Want to nominate an entrepreneur to be featured in StartupsEverywhere for Hispanic Heritage Month (September 15 - October 15)? Email Jen Fox.
The Big Story: Congress tackles content moderation. In doubleheader hearings this week, lawmakers grappled with how Internet companies can and should moderate user-generated content on their platforms.
On Wednesday morning, Twitter CEO, Jack Dorsey, and Facebook COO, Sheryl Sandberg testified in front of the Senate Intelligence Committee during a hearing on how foreign operations seek to influence U.S. politics through social media platforms. Dorsey then crossed the capitol to appear at a House Energy and Commerce hearing on Twitter’s transparency and accountability following Republican lawmakers’ claims that the platform has been censoring conservative speech.
The key takeaway of the day? It’s impossible to remove all anti-social user generated content, and, even though platforms are getting better, safe harbors are still necessary.
Also this week, it was reported that Attorney General Jeff Sessions has scheduled a meeting with state attorneys general later this month “to discuss a growing concern that these companies may be hurting competition and intentionally stifling the free exchange of ideas on their platforms.”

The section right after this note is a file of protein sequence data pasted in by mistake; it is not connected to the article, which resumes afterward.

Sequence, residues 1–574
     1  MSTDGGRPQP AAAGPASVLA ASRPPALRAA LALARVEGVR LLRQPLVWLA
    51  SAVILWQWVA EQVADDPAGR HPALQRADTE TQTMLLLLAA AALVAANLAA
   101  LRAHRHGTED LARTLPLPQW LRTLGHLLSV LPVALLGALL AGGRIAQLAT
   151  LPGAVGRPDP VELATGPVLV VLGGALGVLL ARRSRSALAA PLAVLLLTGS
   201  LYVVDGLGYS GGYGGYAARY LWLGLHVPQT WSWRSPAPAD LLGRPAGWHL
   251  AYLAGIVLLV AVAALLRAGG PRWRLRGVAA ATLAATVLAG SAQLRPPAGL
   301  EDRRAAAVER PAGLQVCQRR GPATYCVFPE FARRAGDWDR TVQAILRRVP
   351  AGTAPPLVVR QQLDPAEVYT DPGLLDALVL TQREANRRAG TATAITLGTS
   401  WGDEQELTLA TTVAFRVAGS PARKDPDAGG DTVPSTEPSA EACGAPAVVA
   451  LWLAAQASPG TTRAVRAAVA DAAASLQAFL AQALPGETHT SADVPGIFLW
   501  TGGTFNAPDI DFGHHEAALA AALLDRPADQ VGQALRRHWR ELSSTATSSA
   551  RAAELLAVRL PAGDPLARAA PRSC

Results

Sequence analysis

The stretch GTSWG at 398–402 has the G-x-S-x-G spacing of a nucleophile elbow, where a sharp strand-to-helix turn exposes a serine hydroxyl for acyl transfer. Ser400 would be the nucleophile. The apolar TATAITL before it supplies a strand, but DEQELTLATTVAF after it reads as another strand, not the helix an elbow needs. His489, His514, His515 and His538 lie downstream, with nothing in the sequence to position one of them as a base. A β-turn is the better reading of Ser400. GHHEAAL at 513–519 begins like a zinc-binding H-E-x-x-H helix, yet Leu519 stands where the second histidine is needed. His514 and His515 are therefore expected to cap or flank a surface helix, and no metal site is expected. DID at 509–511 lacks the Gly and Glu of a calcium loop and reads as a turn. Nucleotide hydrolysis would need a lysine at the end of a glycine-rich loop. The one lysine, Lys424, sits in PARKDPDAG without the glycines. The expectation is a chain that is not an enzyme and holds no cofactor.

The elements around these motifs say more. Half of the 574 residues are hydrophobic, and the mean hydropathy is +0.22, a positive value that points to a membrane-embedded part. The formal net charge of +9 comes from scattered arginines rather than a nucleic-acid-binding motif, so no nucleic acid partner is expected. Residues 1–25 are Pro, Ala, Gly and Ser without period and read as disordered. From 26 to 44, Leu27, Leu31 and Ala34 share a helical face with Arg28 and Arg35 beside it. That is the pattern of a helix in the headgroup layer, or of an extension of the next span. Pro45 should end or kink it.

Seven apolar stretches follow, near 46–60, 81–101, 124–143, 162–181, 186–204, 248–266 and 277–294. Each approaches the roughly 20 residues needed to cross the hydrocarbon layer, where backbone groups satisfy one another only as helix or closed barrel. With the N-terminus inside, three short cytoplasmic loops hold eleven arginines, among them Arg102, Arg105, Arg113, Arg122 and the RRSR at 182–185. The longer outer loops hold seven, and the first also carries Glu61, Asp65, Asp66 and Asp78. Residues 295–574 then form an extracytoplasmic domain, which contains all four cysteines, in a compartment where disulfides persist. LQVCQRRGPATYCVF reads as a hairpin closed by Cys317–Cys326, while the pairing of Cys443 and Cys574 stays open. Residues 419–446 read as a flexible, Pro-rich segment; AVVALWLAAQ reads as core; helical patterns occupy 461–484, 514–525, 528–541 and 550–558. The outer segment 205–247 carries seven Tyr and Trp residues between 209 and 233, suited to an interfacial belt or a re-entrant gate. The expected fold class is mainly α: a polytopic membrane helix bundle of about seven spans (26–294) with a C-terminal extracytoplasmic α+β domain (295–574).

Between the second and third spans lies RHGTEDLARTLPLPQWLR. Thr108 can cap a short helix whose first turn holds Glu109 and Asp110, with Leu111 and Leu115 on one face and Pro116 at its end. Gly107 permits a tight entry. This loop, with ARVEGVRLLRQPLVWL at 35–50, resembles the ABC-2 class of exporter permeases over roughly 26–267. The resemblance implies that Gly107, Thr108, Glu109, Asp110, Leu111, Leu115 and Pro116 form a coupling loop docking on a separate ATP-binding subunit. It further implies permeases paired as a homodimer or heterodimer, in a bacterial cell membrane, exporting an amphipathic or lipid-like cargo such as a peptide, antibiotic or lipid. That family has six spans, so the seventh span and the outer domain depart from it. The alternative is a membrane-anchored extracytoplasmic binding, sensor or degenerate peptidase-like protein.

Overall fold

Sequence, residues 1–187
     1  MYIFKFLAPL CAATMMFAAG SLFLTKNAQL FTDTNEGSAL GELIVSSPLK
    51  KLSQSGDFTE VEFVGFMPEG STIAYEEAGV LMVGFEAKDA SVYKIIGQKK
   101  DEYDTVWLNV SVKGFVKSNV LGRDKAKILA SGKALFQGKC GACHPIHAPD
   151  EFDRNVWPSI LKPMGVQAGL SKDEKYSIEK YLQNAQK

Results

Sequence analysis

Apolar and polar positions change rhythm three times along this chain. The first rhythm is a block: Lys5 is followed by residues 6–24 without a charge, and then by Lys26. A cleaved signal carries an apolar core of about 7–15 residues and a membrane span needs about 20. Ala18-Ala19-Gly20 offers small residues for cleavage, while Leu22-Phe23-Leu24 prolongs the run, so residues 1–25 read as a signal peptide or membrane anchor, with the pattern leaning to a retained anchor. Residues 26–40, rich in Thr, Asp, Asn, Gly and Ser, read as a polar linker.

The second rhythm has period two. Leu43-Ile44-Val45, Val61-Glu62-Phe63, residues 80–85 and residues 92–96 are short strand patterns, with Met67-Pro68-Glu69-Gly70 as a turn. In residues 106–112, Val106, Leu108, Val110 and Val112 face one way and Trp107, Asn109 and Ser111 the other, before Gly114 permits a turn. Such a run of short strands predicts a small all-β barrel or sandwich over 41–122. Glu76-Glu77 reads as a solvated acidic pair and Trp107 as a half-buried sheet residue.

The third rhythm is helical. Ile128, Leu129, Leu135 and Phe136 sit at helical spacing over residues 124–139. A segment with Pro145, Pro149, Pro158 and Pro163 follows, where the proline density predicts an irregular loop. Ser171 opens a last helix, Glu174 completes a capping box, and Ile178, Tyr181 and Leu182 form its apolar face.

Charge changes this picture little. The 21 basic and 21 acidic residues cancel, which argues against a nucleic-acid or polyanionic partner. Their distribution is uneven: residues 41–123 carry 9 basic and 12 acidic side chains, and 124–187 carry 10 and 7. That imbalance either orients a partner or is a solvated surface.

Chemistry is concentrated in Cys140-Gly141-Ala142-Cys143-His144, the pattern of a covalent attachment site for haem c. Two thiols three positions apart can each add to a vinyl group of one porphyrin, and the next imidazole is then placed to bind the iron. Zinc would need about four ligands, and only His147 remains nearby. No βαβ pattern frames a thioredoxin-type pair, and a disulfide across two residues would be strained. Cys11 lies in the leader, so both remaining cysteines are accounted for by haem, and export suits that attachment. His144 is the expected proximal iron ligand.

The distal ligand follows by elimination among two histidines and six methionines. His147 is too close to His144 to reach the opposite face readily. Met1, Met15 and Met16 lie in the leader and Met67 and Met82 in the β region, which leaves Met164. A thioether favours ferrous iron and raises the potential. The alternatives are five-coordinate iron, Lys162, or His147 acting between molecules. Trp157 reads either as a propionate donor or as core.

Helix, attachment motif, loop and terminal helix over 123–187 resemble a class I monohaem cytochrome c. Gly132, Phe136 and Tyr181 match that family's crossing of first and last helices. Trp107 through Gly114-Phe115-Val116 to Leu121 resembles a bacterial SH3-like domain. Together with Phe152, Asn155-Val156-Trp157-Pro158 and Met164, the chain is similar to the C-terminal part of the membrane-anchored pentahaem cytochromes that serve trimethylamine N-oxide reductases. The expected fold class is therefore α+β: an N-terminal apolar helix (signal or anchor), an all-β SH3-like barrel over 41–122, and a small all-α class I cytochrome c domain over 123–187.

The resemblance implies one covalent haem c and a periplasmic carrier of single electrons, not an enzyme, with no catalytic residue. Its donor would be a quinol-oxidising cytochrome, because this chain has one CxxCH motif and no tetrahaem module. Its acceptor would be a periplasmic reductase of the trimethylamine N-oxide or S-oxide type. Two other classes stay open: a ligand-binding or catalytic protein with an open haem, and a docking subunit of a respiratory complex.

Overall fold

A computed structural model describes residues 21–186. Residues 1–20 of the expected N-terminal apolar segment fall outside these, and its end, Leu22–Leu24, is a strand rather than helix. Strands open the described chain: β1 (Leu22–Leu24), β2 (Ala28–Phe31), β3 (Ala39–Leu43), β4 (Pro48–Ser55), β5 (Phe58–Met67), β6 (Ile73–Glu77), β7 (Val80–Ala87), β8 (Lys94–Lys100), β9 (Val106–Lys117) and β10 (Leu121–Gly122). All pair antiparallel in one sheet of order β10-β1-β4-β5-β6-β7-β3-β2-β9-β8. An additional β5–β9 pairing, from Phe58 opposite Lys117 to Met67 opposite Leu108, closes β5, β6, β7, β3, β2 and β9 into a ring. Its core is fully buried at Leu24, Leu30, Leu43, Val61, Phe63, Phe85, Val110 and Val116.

A conservative case for net neutrality. Michael Reagan, son of President Ronald Reagan, spells out why voices across the political spectrum need net neutrality in a world where Internet access is far from a free market.
Patent trolls keep fighting. Gary Shapiro, President of the Consumer Technology Association, penned an op-ed highlighting the need to protect our patent system from continued abuse by patent trolls. And the applications are in, there are an increasing number of low quality blockchain patents that may become the next big patent troll moneymaker.
One last step for California net neutrality. The California legislature has passed its strong net neutrality bill and sent it to Governor Jerry Brown’s desk to be signed into law. The bill would put back into place many of the protections from the FCC’s since-repealed 2015 net neutrality rules.
A privacy framework. The Commerce Department’s National Institute of Standards and Technology is kicking of discussions about a federal framework to help organizations protect their users’ privacy.
#StartupsEverywhere: Amelia Friedman and her team at Hatch Apps empower people around the world to create their own mobile apps. By leaning on a strong tech community in Washington, D.C., Hatch Apps has quickly grown. However, as an international company, legislation like GDPR has changed the way they do business and deal with data. Amelia is reminded of the importance of engaging in policy, no matter the size of the startup, “policy decisions made halfway across the world can have a big impact on our product.”
Startups are Leaving SF and Why VCs Should Leave Too. Miami, Phoenix, and Philadelphia are now attracting top talent for startups seeking to grow outside the Bay Area and how some are making the case that venture capitalists should move away from the coasts too.